If you think blueberries, cherries, or almonds are expensive, wait until you buy cranberries for Thanksgiving this year. They’re about to get much pricier, if you can get them at all. All of them are dependent on pollination by bees, as are about a third of the foods we put in our mouths. If honeybee...
By Jules Bernstein |

Bee Health with Boris Baer

Researchers at the University of California, Riverside are leading a new effort to stop and reverse a worldwide decline in honeybees. To boost dwindling honeybee populations, the University of California’s Office of the President has awarded $900,000 to a four-campus network of bee researchers and engineers. Boris Baer is a professor of entomology at UC...
By Tim Hammerich |

Need a Book With That Spider?

Late last month, Anne Danielson-Francois, an associate biology professor at the University of Michigan, received an unusual package. She had instructed the sender to make sure the contents — spiders — were cushioned because she did not want their legs to break off. When Dr. Danielson-Francois opened the little brown box, there they were —...
By Christine Hauser |

Parasitic plants conspire to keep hosts alive

The plant that encourages kissing at Christmas is in fact a parasite, and new research reveals mistletoe has an unusual feeding strategy. Like other plants, mistletoe is capable of using sunlight to create its own food, a process called photosynthesis. However, it prefers to siphon water and nutrients from other trees and shrubs, using “false...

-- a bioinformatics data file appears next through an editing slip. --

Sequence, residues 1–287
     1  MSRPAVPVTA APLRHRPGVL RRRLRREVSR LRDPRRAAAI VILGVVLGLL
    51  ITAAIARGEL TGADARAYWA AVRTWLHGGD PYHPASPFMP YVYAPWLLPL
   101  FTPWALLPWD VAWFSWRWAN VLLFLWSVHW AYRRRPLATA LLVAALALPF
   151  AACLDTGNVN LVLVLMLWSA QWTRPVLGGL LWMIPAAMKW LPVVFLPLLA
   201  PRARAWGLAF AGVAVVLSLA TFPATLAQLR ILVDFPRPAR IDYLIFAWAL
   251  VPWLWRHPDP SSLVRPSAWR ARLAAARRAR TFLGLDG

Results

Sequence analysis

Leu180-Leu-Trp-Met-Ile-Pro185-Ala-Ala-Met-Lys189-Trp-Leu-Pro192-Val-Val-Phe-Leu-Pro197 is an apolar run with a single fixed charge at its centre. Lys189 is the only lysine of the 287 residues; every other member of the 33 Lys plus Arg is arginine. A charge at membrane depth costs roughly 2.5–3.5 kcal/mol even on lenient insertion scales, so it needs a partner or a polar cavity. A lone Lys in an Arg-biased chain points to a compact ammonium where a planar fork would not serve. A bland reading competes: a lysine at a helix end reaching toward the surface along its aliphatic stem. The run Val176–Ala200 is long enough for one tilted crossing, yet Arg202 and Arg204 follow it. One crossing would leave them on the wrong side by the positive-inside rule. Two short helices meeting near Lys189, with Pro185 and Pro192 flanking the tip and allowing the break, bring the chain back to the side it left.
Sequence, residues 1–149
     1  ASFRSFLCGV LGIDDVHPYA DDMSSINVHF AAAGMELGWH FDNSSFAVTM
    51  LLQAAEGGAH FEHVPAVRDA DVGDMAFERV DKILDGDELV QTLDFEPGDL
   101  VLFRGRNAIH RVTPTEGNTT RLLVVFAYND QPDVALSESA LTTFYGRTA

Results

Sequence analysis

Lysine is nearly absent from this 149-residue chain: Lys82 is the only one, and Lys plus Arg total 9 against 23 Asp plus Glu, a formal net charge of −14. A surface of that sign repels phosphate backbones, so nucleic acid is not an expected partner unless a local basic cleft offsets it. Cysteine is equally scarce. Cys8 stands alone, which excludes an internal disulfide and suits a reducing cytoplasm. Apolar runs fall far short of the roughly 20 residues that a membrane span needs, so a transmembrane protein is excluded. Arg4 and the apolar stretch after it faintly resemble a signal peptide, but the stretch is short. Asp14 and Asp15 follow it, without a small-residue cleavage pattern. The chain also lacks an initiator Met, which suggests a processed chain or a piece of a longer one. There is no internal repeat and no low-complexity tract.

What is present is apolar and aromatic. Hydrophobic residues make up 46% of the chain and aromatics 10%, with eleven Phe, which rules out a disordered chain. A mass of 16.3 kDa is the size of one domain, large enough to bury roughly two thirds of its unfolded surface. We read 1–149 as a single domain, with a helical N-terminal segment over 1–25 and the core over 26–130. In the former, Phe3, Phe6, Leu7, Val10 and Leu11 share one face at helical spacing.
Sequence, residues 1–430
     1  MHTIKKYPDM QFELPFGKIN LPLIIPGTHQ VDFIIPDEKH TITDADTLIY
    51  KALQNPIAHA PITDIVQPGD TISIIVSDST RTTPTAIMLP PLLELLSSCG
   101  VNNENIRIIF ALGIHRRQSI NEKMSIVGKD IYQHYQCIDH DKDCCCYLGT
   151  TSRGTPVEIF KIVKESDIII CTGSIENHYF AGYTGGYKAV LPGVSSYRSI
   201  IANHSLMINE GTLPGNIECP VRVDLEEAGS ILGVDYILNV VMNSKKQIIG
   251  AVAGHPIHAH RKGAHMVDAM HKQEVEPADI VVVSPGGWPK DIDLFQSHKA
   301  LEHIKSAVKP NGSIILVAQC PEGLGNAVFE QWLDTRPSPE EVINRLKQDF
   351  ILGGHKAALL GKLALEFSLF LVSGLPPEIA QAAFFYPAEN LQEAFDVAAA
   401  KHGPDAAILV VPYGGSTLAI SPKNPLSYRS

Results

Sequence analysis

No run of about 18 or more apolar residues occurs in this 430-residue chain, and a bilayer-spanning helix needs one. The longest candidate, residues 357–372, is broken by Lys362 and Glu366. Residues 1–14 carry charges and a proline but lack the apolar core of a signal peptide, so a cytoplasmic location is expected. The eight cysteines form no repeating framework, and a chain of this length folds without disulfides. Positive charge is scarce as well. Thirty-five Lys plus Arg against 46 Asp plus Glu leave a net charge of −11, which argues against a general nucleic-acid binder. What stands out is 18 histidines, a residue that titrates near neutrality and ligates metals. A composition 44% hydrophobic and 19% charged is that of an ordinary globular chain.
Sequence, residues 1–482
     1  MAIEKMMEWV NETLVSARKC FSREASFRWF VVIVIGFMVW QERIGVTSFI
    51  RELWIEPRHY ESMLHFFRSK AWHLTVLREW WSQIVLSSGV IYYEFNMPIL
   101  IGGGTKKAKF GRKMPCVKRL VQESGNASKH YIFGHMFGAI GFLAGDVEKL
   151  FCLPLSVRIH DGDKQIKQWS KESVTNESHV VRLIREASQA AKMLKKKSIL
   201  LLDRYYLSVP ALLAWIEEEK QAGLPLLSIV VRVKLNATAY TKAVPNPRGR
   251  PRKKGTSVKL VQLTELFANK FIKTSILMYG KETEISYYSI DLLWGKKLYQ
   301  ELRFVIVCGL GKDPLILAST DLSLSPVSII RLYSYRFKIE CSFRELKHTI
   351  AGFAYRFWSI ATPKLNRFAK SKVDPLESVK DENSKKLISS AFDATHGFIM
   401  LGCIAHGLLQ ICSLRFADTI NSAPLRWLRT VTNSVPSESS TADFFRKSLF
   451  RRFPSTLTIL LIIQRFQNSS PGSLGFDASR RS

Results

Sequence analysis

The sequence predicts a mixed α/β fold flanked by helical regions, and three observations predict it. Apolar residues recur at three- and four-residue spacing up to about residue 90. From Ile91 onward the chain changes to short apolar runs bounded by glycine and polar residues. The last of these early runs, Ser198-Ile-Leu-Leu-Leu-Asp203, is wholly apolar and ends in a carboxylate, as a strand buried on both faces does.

By Jules Bernstein |

Scientists using new tools to deal with the shrinking number of honeybees

With honeybees dying at rates never seen before, there’s a big buzz about the future of some of your favorite foods. “This is something that is going to affect what you can buy in a grocery store and what you can eat and how much you are going to pay for,” said Jules Bernstein of...
By Kai Beech |

Scientists Developing New Solutions for Honeybee Colony Collapse

Scientists at four University of California campuses, including UC San Diego, are leading a new effort to stop and reverse a worldwide decline in honeybees, which threatens food security and prices. Honeybees pollinate more than 80 agricultural crops, which account for about a third of what we eat. Several factors, including pesticide exposure and the...
By By Jules Bernstein and Mario Aguilera |

In Memory of William E. Walton

In Memoriam William E. Walton Professor of Entomology (September 1, 1956 - October 18, 2020) The Department of Entomology, the University of California, and the field of vector ecology have lost one of their most dedicated, productive, and beloved scientists. Dr. William E. (Bill) Walton, Professor of Entomology, passed away at the UC Irvine Medical...